Of limited functionality legacy code and virtualization

One thing I am noticing with virtualization is that from a fully virtualized physical environment, the boundary between the hardware and the virtualized object is moving to higher levels of software abstraction(vm/host boundary) as the technology advances. For instance, a step preliminary to this is an announced version of windows server 2016 that is skinnied way down, and comes with only the drivers for virtual hosted devices, and no GUI, greatly reducing the disk footprint, and to some degree the memory footprint. Microsoft claims that this sort of server would require perhaps 1/10 of the patching and rebooting of the full server version.

This sort of thing brings to mind an evolution whereby all windows server instances share this common set of drivers on disk and memory and in doing so, moving the VM/host boundary a bit away from the hardware. Doubtless many similar opportunities exist to perform other optimizations, further increasing the abstraction of the host machine until its something more like a container than a physical machine.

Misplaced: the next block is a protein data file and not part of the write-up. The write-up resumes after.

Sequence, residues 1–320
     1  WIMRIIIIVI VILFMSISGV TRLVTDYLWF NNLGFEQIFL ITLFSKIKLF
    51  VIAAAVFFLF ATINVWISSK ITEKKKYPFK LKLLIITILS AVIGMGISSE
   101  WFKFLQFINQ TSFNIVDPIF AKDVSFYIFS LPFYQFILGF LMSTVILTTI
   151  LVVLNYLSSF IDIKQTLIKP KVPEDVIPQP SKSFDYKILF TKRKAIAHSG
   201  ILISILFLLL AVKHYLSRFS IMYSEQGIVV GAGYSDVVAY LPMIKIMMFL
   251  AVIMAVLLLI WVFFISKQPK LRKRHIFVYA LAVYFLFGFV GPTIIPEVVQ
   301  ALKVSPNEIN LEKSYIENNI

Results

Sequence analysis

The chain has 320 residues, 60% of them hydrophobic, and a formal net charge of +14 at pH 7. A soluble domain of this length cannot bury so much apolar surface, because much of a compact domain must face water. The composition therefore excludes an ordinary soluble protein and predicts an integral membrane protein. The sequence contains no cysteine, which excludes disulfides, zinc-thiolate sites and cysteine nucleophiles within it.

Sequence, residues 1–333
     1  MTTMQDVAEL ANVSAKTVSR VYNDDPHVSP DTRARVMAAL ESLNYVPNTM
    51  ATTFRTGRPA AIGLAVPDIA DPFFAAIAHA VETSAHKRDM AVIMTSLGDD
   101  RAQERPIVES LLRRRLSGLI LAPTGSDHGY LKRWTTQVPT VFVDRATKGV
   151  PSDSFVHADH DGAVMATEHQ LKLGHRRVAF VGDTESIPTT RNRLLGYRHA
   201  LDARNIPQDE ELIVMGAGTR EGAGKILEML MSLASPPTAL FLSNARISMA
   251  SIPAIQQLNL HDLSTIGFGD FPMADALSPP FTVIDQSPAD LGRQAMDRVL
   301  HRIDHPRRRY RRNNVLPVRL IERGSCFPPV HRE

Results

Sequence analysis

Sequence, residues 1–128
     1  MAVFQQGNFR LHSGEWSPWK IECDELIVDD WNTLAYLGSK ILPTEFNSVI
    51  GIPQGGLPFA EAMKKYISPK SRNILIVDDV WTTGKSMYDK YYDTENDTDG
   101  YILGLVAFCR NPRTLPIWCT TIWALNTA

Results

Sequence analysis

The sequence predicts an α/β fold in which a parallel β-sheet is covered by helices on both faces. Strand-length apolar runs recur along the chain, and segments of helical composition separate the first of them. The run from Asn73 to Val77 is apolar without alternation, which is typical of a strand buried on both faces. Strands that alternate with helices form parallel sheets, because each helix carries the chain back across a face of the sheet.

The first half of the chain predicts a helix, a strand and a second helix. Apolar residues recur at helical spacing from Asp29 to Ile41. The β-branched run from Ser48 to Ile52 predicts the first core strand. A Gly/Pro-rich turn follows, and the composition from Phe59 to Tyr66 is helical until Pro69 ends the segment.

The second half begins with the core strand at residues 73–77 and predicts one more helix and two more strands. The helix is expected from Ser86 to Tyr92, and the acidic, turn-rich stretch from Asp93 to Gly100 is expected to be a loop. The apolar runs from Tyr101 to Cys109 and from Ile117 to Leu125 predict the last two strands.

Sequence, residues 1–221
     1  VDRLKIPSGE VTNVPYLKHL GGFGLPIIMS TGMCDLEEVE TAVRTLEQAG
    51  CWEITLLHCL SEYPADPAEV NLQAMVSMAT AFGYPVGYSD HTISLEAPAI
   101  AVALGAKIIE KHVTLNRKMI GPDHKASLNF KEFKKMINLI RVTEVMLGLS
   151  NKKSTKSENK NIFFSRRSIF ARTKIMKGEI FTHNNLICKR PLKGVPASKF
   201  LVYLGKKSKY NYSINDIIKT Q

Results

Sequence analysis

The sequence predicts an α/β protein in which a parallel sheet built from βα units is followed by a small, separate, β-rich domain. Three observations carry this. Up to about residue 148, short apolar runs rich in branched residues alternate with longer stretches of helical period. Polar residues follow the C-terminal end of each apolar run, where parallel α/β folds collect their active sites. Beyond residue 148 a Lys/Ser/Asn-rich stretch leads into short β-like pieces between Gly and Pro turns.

(I noted that VMware, even today, recognizes which parts of Windows Server memory are common among instances and keeps only one copy of said memory to share among virtual machines. This sort of optimization clearly points the way toward a more formal optimization in the Windows Server architecture).

 I thought about this when reading the article below, which discusses Microsoft responding to the ‘docker’ concept–a higher level of virtualization abstraction. To my thinking, the whole server multiplication process, whereby each application/function required a new Windows server, was due to limitations of the windows implementation such as a single registry per computer and inadequate isolation between processes—many versions of Windows server ago. Absent these limitations, a single Windows instance could have run multiple applications without the need for the boundaries of separate computers—performing the resource sharing that virtualization would provide.

 Given the universality of the installed base of Windows applications, its mostly too late to re-architect this installed code base with improved versions of Windows Server, hence the need for a virtual machine to support the installed base and do the optimizations under the covers. But based on this article, and others, it looks to me like the number and success of virtualized servers is leading Microsoft to evolve the application API a bit, leading to more efficient virtualization.

In any case I commend you to this article as you ponder the future of Windows virtualization. 



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